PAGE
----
Of course none of these people have read the story, and so they fail to grasp the context – that I was talking not about Muslims, or Arabs, or Oompa Loompas or any other religious or ethnic group, but about terrorists and violent extremists. (That being, after all, what your story was about.)

But I don’t feel any need to defend myself, or Helix, to these people; indeed I doubt that there’s anybody outside their little Mutual Masturbation Society who gives a damn what they think about anything at all.

They are cordially invited to have intercourse with their precious selves. I’m sure most of them could use the practice.

That makes it all better, right??

The contributions by lwe/Lawrence Watt-Evans on the thread are… special, as well.

Daughter of ETA: There is more commentary here and also here with the full rejection reposted, since apparently the person who was rejected deleted it from the original thread.  Speaking of the rejected person, he’s put up a post explaining that we’re all taking Mr. Sanders out of context:

There is a truly despicable Muslim character in my story. Sorry, world. Maybe I was playing into prejudices. Sanders was talking about that character, so it wasn’t an out-of-the-blue rant, it was targeted to the content of my story. In context, his comments were directed at MY character and those types of extremists. People are taking it out of context and interpreting it too broadly if they think that Sanders was referring to all Arabs or all Muslims. I’m sure that if my character was a Timothy McVeigh-like extremist, Sanders would have used different but equally scornful language. The extremism of MY character is what drew his ire, and so if there is any blame it’s MY blame.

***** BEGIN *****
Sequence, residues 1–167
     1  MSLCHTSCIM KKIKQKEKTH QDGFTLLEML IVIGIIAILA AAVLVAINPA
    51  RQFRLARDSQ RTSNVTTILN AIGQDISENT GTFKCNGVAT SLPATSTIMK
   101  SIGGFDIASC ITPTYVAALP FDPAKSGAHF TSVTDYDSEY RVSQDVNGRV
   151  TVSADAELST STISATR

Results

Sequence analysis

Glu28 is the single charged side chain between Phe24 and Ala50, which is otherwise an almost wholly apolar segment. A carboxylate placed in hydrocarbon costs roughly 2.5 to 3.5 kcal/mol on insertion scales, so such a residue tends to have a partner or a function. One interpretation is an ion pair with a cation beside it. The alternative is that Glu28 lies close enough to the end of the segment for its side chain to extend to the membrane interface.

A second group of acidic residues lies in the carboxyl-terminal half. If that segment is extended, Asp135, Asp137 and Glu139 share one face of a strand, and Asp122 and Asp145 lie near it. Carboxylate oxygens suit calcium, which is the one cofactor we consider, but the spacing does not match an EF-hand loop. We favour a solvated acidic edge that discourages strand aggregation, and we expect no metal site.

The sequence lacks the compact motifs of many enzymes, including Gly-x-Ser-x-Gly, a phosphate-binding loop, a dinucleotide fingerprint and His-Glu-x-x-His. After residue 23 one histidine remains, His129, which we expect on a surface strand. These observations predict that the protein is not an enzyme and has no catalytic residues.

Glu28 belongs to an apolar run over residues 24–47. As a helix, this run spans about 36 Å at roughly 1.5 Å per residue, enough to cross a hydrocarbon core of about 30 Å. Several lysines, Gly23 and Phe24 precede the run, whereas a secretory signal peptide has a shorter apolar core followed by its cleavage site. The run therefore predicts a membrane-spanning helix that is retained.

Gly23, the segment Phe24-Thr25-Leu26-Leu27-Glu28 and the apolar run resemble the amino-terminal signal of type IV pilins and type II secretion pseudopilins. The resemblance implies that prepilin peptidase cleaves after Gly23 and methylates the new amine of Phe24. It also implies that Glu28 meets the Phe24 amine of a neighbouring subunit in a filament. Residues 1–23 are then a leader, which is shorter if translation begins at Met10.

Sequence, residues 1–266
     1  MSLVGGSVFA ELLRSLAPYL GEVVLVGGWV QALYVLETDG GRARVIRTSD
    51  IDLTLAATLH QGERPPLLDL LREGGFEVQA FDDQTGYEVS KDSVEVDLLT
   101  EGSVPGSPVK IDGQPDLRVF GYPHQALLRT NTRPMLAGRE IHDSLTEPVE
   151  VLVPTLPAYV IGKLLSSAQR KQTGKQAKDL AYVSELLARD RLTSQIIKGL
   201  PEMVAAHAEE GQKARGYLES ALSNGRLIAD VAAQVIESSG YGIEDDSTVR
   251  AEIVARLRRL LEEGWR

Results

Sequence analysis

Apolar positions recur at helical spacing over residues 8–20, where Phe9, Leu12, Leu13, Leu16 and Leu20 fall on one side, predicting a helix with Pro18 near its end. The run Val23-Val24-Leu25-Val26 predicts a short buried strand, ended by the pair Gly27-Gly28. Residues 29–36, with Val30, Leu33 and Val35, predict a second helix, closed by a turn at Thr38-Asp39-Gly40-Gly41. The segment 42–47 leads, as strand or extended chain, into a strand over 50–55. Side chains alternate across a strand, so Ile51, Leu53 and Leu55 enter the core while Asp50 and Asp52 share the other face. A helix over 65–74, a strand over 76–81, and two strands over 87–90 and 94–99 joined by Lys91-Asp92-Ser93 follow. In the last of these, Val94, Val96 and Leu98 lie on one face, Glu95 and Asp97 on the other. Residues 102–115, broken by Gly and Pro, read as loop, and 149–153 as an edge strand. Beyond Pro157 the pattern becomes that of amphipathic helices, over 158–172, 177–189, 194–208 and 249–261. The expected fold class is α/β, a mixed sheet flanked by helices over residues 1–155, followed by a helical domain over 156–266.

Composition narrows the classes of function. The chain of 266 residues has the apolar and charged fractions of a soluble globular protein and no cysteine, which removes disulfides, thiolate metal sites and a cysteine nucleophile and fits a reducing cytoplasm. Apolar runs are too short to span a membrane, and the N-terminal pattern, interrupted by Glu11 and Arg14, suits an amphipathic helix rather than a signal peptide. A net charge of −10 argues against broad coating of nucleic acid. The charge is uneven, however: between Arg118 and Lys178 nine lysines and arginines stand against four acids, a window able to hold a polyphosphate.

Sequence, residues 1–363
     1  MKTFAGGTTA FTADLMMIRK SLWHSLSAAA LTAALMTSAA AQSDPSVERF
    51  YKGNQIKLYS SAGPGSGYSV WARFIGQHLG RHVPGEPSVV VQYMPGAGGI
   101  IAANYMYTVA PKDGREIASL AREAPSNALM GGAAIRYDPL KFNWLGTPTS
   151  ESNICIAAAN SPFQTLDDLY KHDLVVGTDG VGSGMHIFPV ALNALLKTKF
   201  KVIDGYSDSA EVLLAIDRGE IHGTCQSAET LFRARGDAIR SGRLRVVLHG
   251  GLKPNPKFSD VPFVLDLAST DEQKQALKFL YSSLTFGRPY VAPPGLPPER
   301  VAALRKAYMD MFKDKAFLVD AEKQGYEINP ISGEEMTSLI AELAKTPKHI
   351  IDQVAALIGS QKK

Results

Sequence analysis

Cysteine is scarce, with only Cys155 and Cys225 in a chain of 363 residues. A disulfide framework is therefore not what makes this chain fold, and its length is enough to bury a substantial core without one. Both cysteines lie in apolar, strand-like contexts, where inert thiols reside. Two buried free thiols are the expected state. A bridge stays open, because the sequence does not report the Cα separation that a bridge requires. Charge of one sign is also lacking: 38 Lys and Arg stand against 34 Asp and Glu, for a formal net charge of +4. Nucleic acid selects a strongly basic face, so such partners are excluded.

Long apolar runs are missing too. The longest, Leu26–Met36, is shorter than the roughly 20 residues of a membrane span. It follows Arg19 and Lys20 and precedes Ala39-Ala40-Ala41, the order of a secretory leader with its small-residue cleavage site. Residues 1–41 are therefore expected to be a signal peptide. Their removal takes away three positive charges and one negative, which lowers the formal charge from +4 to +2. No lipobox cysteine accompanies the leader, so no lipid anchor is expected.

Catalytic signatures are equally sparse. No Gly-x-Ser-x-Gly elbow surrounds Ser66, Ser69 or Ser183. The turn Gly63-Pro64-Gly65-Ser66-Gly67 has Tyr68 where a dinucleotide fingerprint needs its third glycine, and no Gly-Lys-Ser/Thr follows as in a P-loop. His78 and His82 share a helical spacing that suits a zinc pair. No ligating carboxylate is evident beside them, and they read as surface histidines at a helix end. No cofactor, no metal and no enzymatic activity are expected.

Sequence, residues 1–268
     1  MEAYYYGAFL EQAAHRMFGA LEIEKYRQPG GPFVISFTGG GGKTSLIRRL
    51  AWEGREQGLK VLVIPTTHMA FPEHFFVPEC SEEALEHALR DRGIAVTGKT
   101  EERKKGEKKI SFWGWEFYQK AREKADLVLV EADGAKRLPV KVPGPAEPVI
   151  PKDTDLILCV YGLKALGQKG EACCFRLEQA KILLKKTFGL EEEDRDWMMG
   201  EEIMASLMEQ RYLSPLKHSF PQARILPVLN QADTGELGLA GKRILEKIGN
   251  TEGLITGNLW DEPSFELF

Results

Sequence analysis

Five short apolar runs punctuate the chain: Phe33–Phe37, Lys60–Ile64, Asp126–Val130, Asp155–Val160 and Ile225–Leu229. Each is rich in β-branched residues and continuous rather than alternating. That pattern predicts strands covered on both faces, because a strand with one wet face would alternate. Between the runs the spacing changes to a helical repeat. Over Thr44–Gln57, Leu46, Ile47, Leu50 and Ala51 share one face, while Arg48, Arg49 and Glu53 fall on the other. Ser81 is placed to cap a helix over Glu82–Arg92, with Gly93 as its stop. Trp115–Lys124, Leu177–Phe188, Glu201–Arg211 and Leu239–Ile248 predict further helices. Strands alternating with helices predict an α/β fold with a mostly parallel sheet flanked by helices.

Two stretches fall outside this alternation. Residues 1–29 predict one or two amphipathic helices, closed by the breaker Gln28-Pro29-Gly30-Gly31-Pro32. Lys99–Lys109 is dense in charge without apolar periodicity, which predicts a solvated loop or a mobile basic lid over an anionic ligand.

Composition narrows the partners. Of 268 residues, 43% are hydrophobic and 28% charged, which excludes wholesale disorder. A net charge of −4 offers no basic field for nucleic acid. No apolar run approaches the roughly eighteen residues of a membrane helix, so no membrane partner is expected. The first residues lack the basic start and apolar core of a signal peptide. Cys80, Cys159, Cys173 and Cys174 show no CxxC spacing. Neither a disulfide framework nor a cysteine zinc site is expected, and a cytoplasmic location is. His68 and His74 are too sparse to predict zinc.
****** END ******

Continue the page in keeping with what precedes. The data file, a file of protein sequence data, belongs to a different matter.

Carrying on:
I’m sure you can image what I have to say to that.  Lucky you, I posted it in the comments. I would cut Luke some slack due to him probably freaking out a little when Sanders was all “You’ll never be published in MY magazine again!” except that from his description of his own story I’m not at all convinced that he didn’t write something sketchy and racist himself.  I’m willing to be proven wrong.